PARIS – Little by little, volcanic rocks are working their way into the automotive industry. Basalt fibers, extruded from molten basalt rocks at high temperatures, are beginning to compete with less-expensive glass fibers in making composite components.

To make the tiny threads, just 9 microns in diameter, basalt is melted at 4,352° F (2,400° C) and spun into a monofilament that has 40% more tensile strength than glass fibers, is 60% more resistant to shocks and resistant to heat up to 1,292° F (700° C).

Azdel Inc., a Virginia subsidiary of Korean supplier Hanwha Living & Creative Corp., uses basalt fibers in a version of its SuperLite composite sandwich product.

Azdel began life as a 50-50 joint venture between PPG Industries Inc. and GE Plastics (now SABIC Innovative Plastics Holding BV). The company developed a process for making a long-fiber thermoplastic sheet used in door panels, headliners, sunshades and load floors. The sheet, 0.08-0.16 ins. (2-4 mm) thick, rises like bread dough when heated to 0.16-0.24 ins. (4-6 mm) thick, leaving a porous interior that absorbs sound and adds no weight between two thermoplastic skins.

A second-generation sheet under development will loft to 0.31-0.47 ins. (8-12 mm) for even better sound absorption, Azdel says.

At a presentation during the recent JEC Composites show here, Azdel Technical Director Thomas Ebeling says some customers have been asking for a substitute for glass fibers. Even though they are cheaper than basalt, glass fibers cost more at the end of a vehicle’s life.

“Glass adds cost to the incineration process, because the glass coats the inside of the furnace and must be cleaned off,” Ebeling says. “We were asked if we could replace the glass filler.”

Azdel has experimented with carbon fiber, polymer fibers and natural fibers, “but we chose basalt because it drops to the bottom of the incinerator,” when composite panels are burned, he says.

Azdel’s Volcalite product, made with basalt, was used in the headliner of the ’07 Acura MDX cross/utility vehicle and is “on vehicles today,” Ebeling says, while declining to provide details.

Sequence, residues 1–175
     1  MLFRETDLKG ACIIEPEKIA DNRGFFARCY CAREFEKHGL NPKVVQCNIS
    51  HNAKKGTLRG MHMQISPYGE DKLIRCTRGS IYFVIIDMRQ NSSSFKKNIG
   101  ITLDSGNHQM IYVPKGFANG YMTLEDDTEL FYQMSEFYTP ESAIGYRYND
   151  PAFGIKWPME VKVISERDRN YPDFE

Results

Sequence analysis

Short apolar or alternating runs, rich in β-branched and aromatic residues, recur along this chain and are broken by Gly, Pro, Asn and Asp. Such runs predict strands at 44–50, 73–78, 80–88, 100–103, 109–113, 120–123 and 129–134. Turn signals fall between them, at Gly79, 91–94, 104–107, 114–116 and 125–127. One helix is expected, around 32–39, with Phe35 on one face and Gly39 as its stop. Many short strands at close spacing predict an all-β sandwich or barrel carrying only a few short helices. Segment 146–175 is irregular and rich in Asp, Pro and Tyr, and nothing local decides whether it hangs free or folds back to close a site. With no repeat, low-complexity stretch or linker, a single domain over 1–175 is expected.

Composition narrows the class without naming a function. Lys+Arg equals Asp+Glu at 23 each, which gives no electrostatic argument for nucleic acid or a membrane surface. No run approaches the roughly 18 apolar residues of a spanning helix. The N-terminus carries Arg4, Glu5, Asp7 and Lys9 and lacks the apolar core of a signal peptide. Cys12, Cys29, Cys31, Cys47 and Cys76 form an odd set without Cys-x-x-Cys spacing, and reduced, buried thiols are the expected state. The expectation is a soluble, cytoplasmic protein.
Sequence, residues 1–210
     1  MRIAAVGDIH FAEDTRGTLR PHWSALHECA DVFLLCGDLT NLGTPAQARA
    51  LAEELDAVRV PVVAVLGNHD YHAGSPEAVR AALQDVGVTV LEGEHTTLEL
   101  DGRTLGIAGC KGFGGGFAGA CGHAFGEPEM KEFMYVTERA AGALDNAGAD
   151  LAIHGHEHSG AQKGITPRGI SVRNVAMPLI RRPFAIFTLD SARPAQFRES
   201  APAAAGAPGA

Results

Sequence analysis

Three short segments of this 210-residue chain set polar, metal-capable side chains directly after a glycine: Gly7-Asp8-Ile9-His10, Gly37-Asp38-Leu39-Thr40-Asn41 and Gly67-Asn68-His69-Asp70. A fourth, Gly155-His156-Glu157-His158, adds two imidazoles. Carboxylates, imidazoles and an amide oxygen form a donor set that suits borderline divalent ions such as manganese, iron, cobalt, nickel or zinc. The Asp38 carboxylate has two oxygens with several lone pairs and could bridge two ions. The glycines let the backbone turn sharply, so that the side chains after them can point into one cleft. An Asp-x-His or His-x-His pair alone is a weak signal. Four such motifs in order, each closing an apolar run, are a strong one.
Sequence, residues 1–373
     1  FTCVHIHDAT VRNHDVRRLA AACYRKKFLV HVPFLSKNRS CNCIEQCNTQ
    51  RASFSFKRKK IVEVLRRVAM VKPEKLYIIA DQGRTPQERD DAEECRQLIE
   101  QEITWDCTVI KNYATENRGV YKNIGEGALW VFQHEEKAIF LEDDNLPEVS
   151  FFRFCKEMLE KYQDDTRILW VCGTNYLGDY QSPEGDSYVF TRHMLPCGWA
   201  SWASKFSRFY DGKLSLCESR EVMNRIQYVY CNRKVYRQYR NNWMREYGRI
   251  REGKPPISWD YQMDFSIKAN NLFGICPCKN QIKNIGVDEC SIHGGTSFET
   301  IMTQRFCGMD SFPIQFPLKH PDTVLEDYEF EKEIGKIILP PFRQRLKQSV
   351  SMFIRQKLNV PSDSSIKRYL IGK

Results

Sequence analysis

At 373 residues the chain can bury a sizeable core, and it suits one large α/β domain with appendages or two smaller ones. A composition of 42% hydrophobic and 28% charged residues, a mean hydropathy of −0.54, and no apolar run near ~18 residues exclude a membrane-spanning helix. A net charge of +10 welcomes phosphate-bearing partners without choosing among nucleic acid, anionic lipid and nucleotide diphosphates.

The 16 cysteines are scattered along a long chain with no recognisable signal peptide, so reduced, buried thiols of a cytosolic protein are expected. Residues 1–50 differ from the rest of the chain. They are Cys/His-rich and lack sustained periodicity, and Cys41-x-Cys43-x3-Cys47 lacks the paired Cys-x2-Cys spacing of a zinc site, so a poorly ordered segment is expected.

“Scoping studies showed basalt to have the greatest chance of acceptance and strongest customer pull,” he says. “It has reduced end-of-life cost penalties due to its glass-free status and has incremental improvement in mechanical properties.”

Cost is a disadvantage of carbon and polymer fibers, while natural fibers have problems with mechanical properties and water absorption. Basalt has properties similar to glass, including high strength and stiffness, plus an intermediate cost well below carbon.

Its disadvantage, Ebeling says, is a lack of suppliers. Most basalt fibers come from Russia, Ukraine and China, partly because the process was developed for the Russian military and aerospace programs after World War II.

Textiles woven from basalt threads have found a use at the high end of the automotive market as a partner for carbon fiber. The instrument panel in the $250,000 Alfa Romeo 8C Competizione coupe has a visible carbon-fiber surface, but underneath is a layer of basalt fabric and aramid fibers, a class of heat-resistant and strong synthetic fibers, at stress points.

Additional layers of carbon fiber in the IP would make it too stiff for safety purposes, says

Paolo Nieri, administrator at Delta-Tech S.r.l., which makes the part for Alfa Romeo.

“The laminate must yield on impact,” he says, and basalt is more flexible than carbon fiber, so the dashboard will absorb some energy if an occupant comes in contact with it in an accident.

Basalt fibers, which are golden or olive in color when dry, turn black when combined with thermoplastic resins, while a glass textile might show tiny specs of white through the weave of the carbon fiber.

Additionally, basalt costs about a third as much as carbon fiber, according to Corbin Cunningham, president of the Dutch company Fibers Unlimited. Basalt is being developed in America for bullet-proof panels on vehicles, he says, and his company is marketing a fabric woven from both carbon and basalt threads.

Flocart Textile Design NV, another supplier of basalt fabric, says it has been approached by several auto makers about the material, including Audi AG. Meanwhile, Flocart Business Development Engineer Pauline Koslowski says Belgian exhaust supplier Bosal Group is studying basalt for sound and heat insulation on exhaust systems.